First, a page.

On a later date, Detective Mota interviewed Ms. Valdez again. Their discussion was tape recorded. Ms. Valdez indicated that she did not want to be involved in the trial because she had been intimidated. However, she wrote down on a piece of paper two names. Mr. Reyes and Mr. Aguilar were known by the aliases supplied by Ms. Valdez. Ms. Valdez passed the piece of paper to Detective Mota on the counter and then took it back and crumpled it. At first, Ms. Valdez refused to look at photographic lineups containing photographs of the suspects. However, when Detective Mota placed them on the counter, she pointed at Mr. Reyes' photo. Ms. Valdez then went to the kitchen where she was seen shaking, crying, and wiping tears from her eyes. Detective Mota encouraged Ms. Valdez to look at the photographic lineup containing Mr. Aguilar's picture. However, Ms. Valdez ran into the bathroom and locked the door.

When Detective Mota had interviewed Ms. Weld at the scene, she indicated the victims looked like "normal guys." However, she identified the other three individuals as those involved in the shooting. Ms. Weld stated that they were frequent customers or at least that she had seen them before.

Los Angeles Police Department Detective Jeff Breuer arrived at the homicide scene at approximately 11:45 p.m. Detective Breuer saw a Honda Accord and a 2004 Chevrolet Tahoe truck parked on the street and two Corona beer bottles on the sidewalk near the restaurant entrance. Once inside, Detective Breuer saw all the tables but one had apparently been cleared. One table was broken. Detective Breuer understood that the restaurant had been open when the shooting occurred and numerous customers had been inside. Inside a bucket, Detective Breuer found 14 Corona beer bottles, a few of which were full. Detective Breuer believed that someone had started to clean up the restaurant after the shooting. The kitchen was also clean. One expended bullet casing was found in the restaurant. At approximately 3 a.m., Detective Breuer learned that Ms. Ahamad, who was accompanied by two children, had requested access to a Chevrolet Tahoe. Department of Motor Vehicles records showed the Chevrolet Tahoe was registered to Mr. Aguilar on Normandie Avenue, which is approximately two miles from the El Pulgarcito restaurant.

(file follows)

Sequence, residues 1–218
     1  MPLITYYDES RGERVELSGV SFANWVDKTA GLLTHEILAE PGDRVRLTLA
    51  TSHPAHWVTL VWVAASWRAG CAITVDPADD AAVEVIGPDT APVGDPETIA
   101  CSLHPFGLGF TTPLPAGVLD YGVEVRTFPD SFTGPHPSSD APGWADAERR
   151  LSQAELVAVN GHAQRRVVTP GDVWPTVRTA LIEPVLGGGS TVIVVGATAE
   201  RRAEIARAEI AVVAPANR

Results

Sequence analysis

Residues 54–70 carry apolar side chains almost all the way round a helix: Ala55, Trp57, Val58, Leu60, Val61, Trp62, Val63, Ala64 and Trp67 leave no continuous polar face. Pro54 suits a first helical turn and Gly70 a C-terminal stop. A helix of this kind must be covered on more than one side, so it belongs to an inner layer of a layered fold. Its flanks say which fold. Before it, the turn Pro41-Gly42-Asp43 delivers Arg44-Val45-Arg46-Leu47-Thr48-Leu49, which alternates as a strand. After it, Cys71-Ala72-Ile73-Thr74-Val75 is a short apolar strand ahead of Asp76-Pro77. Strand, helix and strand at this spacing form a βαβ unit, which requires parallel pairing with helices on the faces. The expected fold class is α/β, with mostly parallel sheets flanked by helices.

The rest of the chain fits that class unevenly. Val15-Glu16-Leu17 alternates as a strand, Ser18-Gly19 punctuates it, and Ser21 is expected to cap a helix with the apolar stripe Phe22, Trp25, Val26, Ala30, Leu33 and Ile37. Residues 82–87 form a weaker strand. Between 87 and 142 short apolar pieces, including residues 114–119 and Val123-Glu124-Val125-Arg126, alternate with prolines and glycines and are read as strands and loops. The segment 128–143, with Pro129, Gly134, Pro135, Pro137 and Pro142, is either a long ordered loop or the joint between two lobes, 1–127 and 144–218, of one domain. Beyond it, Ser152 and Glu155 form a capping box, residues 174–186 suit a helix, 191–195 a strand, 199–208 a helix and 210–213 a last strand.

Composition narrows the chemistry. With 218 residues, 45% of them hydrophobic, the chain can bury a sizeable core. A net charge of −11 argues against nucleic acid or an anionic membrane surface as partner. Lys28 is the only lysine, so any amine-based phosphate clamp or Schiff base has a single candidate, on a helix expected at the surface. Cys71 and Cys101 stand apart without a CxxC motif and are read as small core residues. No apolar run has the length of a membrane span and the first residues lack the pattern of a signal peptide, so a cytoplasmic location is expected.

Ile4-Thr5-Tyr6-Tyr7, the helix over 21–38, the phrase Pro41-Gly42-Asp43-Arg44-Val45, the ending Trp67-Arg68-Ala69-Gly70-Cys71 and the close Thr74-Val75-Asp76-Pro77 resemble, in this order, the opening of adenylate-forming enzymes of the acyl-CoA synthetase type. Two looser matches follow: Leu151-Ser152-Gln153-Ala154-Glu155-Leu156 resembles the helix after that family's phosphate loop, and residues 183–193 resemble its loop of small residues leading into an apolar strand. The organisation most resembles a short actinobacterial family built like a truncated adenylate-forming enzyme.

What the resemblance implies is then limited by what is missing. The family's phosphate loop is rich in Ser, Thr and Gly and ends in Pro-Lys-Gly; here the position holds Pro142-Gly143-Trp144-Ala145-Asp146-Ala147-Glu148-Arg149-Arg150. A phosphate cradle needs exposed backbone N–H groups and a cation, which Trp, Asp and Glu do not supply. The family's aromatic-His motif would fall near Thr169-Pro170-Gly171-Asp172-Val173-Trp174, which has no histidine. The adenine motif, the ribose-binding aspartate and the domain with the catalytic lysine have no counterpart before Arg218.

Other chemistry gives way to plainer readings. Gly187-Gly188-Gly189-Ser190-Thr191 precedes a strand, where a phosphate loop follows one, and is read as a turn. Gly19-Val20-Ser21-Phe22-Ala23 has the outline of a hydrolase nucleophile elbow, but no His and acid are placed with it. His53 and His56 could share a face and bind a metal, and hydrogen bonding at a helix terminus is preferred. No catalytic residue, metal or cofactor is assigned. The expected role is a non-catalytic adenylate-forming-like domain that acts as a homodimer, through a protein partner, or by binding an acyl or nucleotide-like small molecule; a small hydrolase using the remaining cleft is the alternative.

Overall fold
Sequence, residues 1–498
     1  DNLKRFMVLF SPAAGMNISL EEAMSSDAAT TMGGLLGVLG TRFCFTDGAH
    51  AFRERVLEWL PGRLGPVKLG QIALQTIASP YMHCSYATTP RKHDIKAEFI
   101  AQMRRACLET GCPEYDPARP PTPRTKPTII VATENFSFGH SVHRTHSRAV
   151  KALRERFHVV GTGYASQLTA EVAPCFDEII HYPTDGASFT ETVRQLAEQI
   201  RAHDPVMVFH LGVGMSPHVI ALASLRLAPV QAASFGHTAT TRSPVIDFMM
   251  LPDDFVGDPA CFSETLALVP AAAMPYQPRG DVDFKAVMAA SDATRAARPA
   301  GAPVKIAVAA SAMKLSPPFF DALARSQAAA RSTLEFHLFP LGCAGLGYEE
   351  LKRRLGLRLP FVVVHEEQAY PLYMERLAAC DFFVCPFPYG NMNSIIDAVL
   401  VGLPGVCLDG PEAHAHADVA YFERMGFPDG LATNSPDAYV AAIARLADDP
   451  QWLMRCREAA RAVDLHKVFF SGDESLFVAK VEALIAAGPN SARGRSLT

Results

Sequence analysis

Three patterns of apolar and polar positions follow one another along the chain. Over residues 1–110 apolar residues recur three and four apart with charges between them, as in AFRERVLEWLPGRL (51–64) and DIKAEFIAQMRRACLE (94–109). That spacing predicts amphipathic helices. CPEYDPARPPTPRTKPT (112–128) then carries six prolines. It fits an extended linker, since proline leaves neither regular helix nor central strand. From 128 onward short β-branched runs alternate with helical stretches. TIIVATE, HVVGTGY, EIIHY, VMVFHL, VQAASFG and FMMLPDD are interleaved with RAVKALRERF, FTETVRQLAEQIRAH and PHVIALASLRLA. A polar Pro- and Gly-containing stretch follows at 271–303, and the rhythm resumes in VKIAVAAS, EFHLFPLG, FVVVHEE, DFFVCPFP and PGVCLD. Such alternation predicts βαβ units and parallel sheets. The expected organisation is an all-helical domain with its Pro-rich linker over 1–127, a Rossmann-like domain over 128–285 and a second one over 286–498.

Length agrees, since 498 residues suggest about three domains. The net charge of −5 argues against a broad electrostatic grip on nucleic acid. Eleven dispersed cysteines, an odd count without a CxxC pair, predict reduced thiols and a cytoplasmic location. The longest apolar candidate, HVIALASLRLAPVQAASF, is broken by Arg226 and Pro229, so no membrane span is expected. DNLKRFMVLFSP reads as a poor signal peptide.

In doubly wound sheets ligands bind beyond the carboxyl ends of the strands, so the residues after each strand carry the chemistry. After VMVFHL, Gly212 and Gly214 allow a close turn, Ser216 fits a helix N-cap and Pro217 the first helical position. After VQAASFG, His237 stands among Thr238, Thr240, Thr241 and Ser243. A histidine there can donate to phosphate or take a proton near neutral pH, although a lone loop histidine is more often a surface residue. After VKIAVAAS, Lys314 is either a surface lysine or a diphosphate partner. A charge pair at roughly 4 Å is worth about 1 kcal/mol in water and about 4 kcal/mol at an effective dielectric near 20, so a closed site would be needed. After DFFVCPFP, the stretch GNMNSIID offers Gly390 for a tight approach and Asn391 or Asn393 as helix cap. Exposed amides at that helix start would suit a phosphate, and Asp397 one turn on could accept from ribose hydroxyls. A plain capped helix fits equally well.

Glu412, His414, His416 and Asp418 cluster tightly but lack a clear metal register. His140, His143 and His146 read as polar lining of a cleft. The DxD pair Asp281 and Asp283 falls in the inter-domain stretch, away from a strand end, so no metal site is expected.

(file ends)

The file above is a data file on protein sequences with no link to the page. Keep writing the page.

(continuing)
At approximately 11 a.m. on June 1, 2004, Drug Enforcement Administration Special Agent Scott Wight contacted Detective Breuer. Agent Wight had obtained a federal court order to intercept and monitor Mr. Aguilar's mobile telephone. In the early morning hours of June 1, 2004, the authorities intercepted incoming and outgoing conversations on Mr. Aguilar's mobile phone which discussed a Los Angeles homicide. The substance of the intercepted conversations involved the restaurant shooting. The authorities continued to monitor Mr. Aguilar's mobile phone. Agent Wight provided information to Detective Breuer regarding the user of the phone. Agent Wight also provided information as to who Mr. Aguilar spoke to and the content of their conversations. The intercepted conversations were recorded on a compact disk, preserved, and transcribed for future use. A stipulation was read to the jurors that limited the application of the recording to Ms. Ahamad. A redacted copy of the recorded conversations was played at trial. A redacted transcript was provided for the jurors' use.